Steps to Become An FBI Agent

FBI Agents are the principal investigators of the US government. They are responsible for dealing with threats to national security as well as investigating federal law violations in many different areas. Cases related to public corruption, fraud, organized crime, extortion, civil rights violations, bribery, financial crime, kidnapping, bank robberies, copyright infringement, drug trafficking, espionage and terrorism are handled by FBI personnel.            

If you believe you have what it takes to make it in this field, then you need to go through this piece. It contains important information which will help you get started on your journey to becoming an FBI Agent.

What Does an FBI Agent Do?

Also commonly referred to as “federal agents” or “Feds,” FBI Agents have a huge responsibility on their shoulders to keep America safe. They fight against potentially life-threatening challenges like organized crime, terrorism and drug trafficking on a regular basis.

Moreover, the Feds also have to deal with white collar crimes, cyber thefts and fraud among many other things. In this regard, their routine activities include conducting surveillance, monitoring wiretaps (when authorized by a court of law), tracking down stolen property, gathering evidence of all kinds, examining financial transactions, taking on undercover assignments, etc.            

Steps to Become an FBI Agent

The following steps must be taken if you want to become an FBI Agent.

Step 1: Fulfill All Basic Employment Requirements

Employment requirements for different programs of the FBI tend to vary. However, a few basic ones that apply to all of them are given below.

  • All applicants must be American citizens.
  • All candidates must comply with the FBI Drug Policy.
  • All aspirants should be able to get a Top Secret SCI (Sensitive Compartmented Information) clearance.

In addition, candidates aspiring to become FBI Special Agents have to meet the following requirements.

  • Must be between the ages of 23 and 36 at the time of application. You must enter for duty no later than 1 day before your 37th birthday. So, the latest you can apply to the FBI Special Agent program is before your 36th birthday. Current FBI employees who want to become Special Agents must apply before their 39th birthday.
  • Should have at least a Bachelor’s degree.
  • Must have at least 2 years of full-time work experience. For candidates holding a Master’s or higher degree, 1 year of professional work experience is enough.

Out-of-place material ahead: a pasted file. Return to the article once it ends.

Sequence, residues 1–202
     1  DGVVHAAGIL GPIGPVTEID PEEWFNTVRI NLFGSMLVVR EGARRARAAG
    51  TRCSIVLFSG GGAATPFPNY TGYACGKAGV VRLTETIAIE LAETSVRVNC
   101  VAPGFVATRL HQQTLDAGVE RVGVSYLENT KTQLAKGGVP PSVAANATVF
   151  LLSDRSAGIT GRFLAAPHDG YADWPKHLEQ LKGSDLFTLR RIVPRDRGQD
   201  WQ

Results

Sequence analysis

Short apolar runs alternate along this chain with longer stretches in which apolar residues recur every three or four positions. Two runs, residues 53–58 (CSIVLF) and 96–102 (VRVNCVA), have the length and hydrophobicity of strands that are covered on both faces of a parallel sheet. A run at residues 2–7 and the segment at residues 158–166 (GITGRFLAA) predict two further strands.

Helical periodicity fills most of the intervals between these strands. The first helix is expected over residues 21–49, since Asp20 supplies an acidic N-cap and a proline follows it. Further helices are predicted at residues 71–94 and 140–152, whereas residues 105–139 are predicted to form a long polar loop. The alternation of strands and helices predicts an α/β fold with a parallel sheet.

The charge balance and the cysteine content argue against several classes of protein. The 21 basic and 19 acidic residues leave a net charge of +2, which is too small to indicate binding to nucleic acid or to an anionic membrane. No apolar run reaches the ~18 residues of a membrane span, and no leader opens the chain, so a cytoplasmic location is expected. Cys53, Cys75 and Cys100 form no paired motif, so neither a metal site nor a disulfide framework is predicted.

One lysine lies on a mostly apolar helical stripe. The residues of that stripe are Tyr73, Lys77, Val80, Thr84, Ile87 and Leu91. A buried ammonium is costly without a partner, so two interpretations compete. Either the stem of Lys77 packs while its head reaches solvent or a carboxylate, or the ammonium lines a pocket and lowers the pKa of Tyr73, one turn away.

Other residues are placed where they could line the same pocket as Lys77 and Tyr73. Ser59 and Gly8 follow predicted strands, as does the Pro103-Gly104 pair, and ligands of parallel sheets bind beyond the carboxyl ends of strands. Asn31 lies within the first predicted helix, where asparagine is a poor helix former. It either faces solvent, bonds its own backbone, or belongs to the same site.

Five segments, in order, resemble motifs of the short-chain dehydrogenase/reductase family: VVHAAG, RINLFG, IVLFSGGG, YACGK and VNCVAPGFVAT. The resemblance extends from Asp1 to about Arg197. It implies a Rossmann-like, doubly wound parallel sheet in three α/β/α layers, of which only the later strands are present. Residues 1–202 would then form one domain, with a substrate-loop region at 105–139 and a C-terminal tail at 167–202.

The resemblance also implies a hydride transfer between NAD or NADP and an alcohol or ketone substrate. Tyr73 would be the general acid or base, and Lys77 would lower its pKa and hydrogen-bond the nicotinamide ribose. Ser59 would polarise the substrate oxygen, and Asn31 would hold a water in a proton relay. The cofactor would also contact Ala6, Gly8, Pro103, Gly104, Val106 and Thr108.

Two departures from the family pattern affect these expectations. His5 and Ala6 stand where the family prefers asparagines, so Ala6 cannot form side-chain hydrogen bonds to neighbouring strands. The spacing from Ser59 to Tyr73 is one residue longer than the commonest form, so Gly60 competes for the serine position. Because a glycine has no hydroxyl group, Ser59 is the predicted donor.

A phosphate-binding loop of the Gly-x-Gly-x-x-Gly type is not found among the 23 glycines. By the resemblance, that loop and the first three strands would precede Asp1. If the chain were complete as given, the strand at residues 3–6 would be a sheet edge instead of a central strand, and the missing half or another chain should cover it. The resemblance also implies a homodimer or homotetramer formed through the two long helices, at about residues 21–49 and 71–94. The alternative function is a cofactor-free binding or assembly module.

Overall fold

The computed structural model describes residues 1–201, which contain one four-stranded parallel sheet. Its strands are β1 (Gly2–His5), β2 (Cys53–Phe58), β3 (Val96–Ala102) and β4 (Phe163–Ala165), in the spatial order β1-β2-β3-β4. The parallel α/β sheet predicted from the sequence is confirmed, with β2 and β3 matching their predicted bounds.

• Have a valid driver’s license along with a minimum of 6 months driving experience.
  • Meet the physical fitness standards for the Special Agent program.
  • Active military personnel should be within 1 year of completing their service to be eligible to apply for the Special Agent program.

Step 2: Submit Your Application on the FBI Website

Once you come up to the eligibility criteria underlined previously, you should submit your employment application online.

Step 3: Pass the Phase-I Test

The next step is passing the Phase-I Test. It is a three-hour assessment of your cognitive and reasoning abilities.

Step 4: Qualify the Meet-and-Greet Interview

After clearing the Phase-I Test, you will be invited for a Meet-and-Greet Interview with the Bureau’s recruitment panel.

Step 5: Take and Pass the Phase-II Tests Along with the Official Fitness Exam

Once you have qualified the interview, the next phase is clearing the Phase-II Tests and the physical fitness evaluation.

Step 6: Conditional Appointment Offer (CAO)

By qualifying the Phase-II Tests and the physical examination, you will be eligible to receive the Conditional Employment Offer (CAO).

Step 7: Background Investigation

A thorough background investigation will follow.

Step 8: Undergo Training (Basic Field Training Course) at the FBI Academy

Once the background checks are done, you will be taken as a New Agent Trainee (NAT) to the FBI Academy. An intense 21-week Basic Field Training Course (BFTC) will follow.

Step 9: Join the Field Office

After completing the BFTC, you will be assigned to a Field Office.

Step 10: On-the-Job Training

The first 18 months will be a probationary period. During this time, you will receive intense on-the-job training.

How Much Does a Private Investigator Make in the US?

The salaries of FBI personnel are kept confidential most of the time. On the other hand, First-Line Supervisors of Police and Detectives earned an annual mean wage of $94,950 in 2019. This is according to the information gathered and reported by the US Bureau of Labor Statistics.  

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